Jessica Jackley speaks at UMass

By Melanie Muller

Melanie Muller/Collegian

Members of the College of Humanities and Fine Arts and members of the University of Massachusetts community gathered Wednesday to hear Jessica Jackley, the co-founder of, speak on social entrepreneurship and how her background in the humanities shaped her perspective.

Kiva is a nonprofit organization that facilitates microloans, or small loans to individuals and small businesses, of as little as $25. It is the world’s first online microlending intermediary service. Working with a microfinance institution in the field, the organization posts pictures and profiles of individuals seeking loans on its site. Visitors to Kiva’s page can then give small, no-interest loans to the specific individuals profiled. The event, which was hosted by the College of Humanities and Fine Arts, began at 5:30 p.m. and was held in the Student Union Ballroom.

Addressing the large group, the petite Jackley began with humor.

“I’ve brought crackers,” she said, and offered that anyone feeling hungry was welcome to “come up and get some” from the podium during the talk.

She then moved to the topic of the evening, “Love, Money, and Work: Social Entrepreneurship as a Career, describing the evolution of her understanding of poverty, which started from when she learned of its existence as a child in Sunday school.

On the one hand, she remembered, she was taught that she was bound to help the poor, and on the other that they would “always be with us.”

“It was very confusing,” she said, as it seemed one was being set up to fail.

As she grew older, she said, while she donated money and did volunteer work to try to help poor people, she remained confused about her reactions to her experiences and unsure if what she was doing was worthwhile. Bombarded by tales of misery, she began to tune them out a little.

Arriving at Bucknell University as a freshman undergraduate student, Jackley became determined to study things she felt passionate about and which attempted to answer the questions that worried her. She highlighted her studies in philosophy, political science and poetry.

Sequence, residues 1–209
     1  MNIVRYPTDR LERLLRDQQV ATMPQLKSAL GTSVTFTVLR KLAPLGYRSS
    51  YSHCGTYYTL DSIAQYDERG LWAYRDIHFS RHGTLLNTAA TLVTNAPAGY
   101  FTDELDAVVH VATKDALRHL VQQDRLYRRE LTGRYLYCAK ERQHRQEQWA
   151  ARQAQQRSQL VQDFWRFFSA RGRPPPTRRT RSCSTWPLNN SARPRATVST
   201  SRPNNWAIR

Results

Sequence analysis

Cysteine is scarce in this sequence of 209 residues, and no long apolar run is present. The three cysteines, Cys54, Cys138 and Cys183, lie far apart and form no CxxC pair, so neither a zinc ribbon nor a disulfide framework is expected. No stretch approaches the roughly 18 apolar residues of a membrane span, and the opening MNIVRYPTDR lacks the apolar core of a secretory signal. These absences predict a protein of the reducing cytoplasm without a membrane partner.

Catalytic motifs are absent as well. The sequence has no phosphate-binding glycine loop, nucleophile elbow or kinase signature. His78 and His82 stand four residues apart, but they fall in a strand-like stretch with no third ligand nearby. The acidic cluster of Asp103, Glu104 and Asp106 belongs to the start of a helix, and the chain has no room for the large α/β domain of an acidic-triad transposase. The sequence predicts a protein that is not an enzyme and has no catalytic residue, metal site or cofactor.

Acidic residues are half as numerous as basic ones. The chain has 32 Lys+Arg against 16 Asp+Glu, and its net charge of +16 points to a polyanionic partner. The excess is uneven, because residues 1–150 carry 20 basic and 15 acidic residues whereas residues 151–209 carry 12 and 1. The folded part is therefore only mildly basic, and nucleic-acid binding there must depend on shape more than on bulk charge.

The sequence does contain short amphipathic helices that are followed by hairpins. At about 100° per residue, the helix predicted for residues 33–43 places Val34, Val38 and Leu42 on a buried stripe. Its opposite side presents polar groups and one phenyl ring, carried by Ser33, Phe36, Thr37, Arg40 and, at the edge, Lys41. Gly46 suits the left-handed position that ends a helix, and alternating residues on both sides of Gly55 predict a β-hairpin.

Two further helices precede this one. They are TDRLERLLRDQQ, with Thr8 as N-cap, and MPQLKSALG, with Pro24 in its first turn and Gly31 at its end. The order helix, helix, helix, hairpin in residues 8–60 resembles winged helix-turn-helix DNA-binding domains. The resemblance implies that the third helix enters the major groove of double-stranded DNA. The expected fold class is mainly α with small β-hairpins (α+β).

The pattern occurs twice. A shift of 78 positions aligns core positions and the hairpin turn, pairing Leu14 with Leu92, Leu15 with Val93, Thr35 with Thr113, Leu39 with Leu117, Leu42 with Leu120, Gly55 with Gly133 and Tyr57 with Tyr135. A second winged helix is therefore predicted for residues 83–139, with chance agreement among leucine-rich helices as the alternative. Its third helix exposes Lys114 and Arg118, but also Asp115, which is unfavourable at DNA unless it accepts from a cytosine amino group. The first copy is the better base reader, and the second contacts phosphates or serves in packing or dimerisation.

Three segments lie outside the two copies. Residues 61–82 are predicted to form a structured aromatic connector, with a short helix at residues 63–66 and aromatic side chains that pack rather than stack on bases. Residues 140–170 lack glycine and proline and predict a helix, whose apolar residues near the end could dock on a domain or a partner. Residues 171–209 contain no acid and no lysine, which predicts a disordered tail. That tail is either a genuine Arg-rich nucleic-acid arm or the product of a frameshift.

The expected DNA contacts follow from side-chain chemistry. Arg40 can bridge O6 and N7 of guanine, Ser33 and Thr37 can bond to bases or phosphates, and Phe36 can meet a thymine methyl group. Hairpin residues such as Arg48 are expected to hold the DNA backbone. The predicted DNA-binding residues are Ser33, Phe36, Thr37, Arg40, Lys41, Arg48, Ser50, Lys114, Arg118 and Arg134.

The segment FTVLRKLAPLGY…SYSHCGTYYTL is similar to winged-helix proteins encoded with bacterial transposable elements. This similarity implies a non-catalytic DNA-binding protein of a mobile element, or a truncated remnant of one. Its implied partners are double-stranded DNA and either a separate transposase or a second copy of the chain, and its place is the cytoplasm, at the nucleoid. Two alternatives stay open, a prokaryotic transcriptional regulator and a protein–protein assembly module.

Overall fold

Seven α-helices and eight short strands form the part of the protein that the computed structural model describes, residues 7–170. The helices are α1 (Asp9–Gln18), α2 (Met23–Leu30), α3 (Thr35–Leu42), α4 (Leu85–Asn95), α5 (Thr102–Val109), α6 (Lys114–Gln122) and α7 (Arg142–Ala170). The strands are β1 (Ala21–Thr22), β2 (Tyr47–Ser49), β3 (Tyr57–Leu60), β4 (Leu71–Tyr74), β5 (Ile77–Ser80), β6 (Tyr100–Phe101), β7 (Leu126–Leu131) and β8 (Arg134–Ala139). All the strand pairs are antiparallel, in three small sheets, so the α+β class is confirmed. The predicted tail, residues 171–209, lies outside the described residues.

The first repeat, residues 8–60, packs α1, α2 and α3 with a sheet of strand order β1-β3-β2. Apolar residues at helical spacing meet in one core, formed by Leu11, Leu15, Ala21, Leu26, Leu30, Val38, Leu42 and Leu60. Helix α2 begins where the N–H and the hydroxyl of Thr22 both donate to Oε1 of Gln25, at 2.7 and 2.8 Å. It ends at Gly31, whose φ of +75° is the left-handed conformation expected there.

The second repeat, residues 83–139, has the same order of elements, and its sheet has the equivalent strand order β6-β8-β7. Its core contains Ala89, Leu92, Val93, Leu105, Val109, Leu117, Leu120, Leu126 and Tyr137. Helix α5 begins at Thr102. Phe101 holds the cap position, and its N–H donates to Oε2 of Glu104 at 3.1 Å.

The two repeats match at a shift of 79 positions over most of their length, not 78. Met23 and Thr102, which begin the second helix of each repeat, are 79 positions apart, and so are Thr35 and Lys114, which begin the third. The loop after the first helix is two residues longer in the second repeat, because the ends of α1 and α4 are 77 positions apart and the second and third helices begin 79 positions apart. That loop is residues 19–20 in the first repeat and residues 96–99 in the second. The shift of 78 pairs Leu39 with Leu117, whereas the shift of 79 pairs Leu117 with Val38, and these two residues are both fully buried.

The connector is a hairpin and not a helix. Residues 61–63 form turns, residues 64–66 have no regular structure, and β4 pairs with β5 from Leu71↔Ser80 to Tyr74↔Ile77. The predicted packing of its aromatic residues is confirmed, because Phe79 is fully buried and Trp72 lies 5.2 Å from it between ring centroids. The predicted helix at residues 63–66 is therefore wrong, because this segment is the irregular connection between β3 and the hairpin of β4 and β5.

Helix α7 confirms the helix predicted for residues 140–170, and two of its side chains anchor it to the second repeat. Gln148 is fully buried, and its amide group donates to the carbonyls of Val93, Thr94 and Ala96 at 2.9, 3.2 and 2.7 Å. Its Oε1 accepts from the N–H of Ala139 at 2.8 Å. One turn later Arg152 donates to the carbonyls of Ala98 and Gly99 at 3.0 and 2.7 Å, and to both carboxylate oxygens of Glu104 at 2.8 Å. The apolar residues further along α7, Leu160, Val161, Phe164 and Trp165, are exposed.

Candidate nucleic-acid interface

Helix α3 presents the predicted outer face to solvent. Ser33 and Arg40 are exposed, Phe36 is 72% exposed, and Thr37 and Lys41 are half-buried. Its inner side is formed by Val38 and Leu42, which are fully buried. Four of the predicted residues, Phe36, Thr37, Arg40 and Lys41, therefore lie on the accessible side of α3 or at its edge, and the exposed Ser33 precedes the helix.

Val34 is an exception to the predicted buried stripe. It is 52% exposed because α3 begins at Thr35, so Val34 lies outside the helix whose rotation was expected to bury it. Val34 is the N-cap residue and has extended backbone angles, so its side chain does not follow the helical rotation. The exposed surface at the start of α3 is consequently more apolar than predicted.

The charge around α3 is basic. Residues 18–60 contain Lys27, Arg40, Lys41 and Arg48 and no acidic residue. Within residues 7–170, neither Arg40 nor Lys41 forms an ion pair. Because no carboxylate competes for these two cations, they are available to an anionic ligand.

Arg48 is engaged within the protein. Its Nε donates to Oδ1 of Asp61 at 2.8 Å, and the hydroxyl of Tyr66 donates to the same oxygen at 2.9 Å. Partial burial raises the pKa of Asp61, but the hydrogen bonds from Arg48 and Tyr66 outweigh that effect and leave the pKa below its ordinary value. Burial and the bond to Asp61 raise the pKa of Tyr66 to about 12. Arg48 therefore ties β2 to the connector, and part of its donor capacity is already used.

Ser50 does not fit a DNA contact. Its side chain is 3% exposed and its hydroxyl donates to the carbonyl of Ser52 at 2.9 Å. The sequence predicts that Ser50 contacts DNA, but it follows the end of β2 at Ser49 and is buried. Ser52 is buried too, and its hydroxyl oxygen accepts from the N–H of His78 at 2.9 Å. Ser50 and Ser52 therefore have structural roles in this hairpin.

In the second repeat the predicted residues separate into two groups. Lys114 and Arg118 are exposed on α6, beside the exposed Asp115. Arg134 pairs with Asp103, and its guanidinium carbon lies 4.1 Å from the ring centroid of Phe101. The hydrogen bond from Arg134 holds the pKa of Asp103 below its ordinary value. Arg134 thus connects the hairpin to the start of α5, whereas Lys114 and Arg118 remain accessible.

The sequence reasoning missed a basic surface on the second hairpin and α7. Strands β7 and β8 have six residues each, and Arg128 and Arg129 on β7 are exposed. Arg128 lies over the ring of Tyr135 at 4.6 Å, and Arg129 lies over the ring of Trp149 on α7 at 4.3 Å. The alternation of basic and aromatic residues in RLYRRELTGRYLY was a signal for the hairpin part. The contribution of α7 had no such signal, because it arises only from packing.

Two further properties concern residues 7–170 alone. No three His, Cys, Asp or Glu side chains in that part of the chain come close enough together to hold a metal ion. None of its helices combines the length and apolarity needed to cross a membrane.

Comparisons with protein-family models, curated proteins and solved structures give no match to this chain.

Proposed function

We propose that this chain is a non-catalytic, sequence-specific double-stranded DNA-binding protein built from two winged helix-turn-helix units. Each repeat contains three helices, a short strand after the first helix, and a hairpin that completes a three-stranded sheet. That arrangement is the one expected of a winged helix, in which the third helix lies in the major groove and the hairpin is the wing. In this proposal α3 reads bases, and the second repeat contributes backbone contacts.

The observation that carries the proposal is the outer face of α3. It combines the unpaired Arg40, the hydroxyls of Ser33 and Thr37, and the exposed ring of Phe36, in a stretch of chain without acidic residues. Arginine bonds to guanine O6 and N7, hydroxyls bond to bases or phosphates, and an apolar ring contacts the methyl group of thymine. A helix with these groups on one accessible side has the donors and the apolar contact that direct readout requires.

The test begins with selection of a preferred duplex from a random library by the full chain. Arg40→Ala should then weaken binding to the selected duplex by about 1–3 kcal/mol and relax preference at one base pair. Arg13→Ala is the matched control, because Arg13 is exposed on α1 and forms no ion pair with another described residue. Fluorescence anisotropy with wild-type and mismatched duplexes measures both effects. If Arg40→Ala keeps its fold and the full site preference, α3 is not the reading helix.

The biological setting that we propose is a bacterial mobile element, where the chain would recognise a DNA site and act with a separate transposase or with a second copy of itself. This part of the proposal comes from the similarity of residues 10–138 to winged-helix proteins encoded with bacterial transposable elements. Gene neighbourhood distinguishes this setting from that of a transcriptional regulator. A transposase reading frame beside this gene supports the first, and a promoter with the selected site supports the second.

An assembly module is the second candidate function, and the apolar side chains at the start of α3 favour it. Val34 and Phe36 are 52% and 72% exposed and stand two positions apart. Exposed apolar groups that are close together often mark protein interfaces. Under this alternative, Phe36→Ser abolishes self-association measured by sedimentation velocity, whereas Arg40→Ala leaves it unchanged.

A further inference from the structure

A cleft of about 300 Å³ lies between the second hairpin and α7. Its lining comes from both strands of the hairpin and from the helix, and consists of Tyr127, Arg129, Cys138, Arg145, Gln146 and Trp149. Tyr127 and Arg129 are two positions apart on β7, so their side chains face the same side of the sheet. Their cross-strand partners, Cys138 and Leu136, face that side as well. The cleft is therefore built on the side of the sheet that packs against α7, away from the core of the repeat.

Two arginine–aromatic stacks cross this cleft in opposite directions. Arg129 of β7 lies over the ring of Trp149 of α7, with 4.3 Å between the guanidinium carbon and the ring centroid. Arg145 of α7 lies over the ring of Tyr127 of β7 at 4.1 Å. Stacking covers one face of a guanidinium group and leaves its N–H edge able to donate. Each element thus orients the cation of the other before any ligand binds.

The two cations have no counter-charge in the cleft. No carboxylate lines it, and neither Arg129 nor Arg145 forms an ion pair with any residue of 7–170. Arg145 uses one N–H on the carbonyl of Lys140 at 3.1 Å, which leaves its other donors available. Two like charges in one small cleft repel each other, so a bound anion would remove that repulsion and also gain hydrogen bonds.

One thing she definitely was not interested in at that point was business. At the time, she felt that the individuals in that field were not working on the problems she wanted to work on.

            Emphasizing that she did not recommend that those present try to replicate everything she did, she described how after graduating from Bucknell she moved from Pennsylvania to California without plans because she was “in love with a boy.” She quickly got a job as an administrative assistant at the Center for Social Innovation in the Stanford Graduate School of Business.

Still leery of business in general, Jackley found that the Center for Social Innovation was an exciting place and attended many lectures and classes there. At one talk was Muhammad Yunus, who won the Nobel Peace Prize for his work in pioneering microfinance.

Inspired, Jackley quit her job and after three months working in Kenya with a nonprofit to see how it would work firsthand, she launched Kiva with a partner. Starting with funds partly generated by maxing out her student loans, the organization grew to process millions of dollars a year.

Jackley believes that the microfinance model at Kiva replaces the traditional power-play between benefactor and recipient with a partnership based on equality. She also described how she had seen the power of these loans help break the cycle of poverty for many individuals by allowing then to build business that were sustainable and enriched their communities.

Jackley declined to comment on future plans for the direction of the organization as she no longer directly heads Kiva.

Microfinance, she said, is a statement of belief in people’s potential to improve themselves, rather than in the inevitability of their failure. The belief and the necessity of the personal interaction involved in the Kiva process led Jackley to reject $10 million  toward funding microloans from a large corporation because it was unwilling to break up the loan into small chunks to go to each individual borrower.

Jackely took questions for about 20 minutes starting at 6:30 p.m. She discussed her start-up website, a site dedicated to gathering resources for entrepreneurs. She also explained to the audience that she cries often while giving talks which led to her belief that showing emotion is not unprofessional.

 On the latter case, she said that a valued mentor told her she should not be ashamed of the propensity because it showed she was invested in her work, as he considered all true professionals must be.

After questions, Jackley met with a small group comprised primarily of Humanities and Fine Arts undergraduate students. They mingled in the Cape Cod lounge over soda, mini quiches and other refreshments.

Melanie Muller can be reached at [email protected]